Tips and tricks on inspiring (or not crushing) creativity from IDEO and Fast Company 

Tips and tricks on inspiring (or not crushing) creativity from IDEO and Fast Company 

Filter bubbles are a problem for democracy. We believe they’re a problem for creativity, too.


From IDEO: Escape Your Filter Bubble and Enhance Your Creativity


  • Talk to strangers - Bill Murray's recommends conversations with cab drivers
  • Unfollow people like you - it will open your eyes to other perspectives
  • Join a different demographic - Bingo anyone?
  • Volunteer - It brings you eye to eye with people you don't usually hang with (and it will make you feel good)


From Fast Company: Expunge these three phrases from the conversation:


  • Best Practices - By the time they're 'best' they're stale
  • Return on Investment - Yahoo turned down an offer to buy Google for $1M because it didn't pencil out
  • "When I worked for ..." - It's so yesterday


Is the gig economy really exploding or are we being duped by headlines? 

Is the gig economy really exploding or are we being duped by headlines? 

"Over the past two decades, the U.S. labor market has undergone a quiet transformation, as companies increasingly forgo full-time employees and fill positions with independent contractors, on-call workers or temps—what economists have called “alternative work arrangements” or the “contingent workforce.”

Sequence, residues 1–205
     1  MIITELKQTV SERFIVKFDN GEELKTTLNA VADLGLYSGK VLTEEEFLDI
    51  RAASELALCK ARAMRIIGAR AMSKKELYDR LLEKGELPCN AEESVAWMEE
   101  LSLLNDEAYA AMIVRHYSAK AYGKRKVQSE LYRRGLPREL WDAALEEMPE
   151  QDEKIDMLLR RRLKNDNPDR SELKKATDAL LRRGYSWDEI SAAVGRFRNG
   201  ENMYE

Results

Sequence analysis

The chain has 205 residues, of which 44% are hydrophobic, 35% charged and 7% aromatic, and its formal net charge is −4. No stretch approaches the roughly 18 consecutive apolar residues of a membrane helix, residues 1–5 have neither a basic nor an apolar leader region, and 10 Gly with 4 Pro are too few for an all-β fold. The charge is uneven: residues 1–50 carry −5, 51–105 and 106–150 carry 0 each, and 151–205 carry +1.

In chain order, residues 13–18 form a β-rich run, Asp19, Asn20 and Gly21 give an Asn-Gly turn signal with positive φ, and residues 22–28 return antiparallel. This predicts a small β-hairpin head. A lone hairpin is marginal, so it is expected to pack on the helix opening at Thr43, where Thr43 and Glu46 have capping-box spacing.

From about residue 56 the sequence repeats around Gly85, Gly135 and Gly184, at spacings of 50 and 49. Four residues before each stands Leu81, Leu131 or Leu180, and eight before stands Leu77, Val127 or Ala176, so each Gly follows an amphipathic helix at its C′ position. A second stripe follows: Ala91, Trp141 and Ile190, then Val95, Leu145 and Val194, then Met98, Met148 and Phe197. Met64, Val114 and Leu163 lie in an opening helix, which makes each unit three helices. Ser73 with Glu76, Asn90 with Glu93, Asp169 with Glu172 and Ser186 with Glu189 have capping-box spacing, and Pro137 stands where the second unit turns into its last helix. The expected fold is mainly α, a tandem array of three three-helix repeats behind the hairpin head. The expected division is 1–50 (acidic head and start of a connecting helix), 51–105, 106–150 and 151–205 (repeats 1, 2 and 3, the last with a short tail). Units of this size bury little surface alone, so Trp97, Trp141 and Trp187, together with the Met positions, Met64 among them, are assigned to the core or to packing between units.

While this article focuses on lawmaker concerns about the absense of rights and protections for contingent workers (a worthy topic on its own), what I found even more interesting was the data.


A scan of business headlines would lead most to believe the "gig economy" was transforming the world of work. In fact, it isn't. The Uber's, TaskRabbit's, and Upwork's of the world actually account for less than 1% of the contingent workforce (which includes temps, on-call workers, contract workers, independent contractors, and freelancers).*


Accurate data on the number of Americans employed under alternative work arrangements is sorely lacking, but the most rigorous estimate puts it at about 16% of the labor force. That number has increased by about 50% in the past decade with independent contractors accounting for most of that growth. During the same period, the number of traditional workers actually declined.


The problem in all this is that contingent workers have none of the protections and benefits that employees enjoy. Federal and State regulators are way behind the curve in this important shift.


You can view the full report on which this article is based here.


* Some estimates of the contingent labor force include also include part-time employees.

Half of AU/NZ firms expected to have activity-based work settings by 2020 

Half of AU/NZ firms expected to have activity-based work settings by 2020 

The walls have come down, literally and figuratively. In this space where people come together remarkable things happen. From fledgling concept to fully formed and flourishing; an exploration of the (future) workplace in Australia and New Zealand.


In this 35 page report, workplace legends Chris Cane and Chris Alcock share 11 case studies from AU and NZ where two-thirds of the workforce expect to be activity-based working (ABW) by 2020. Half of financial institution employees already do.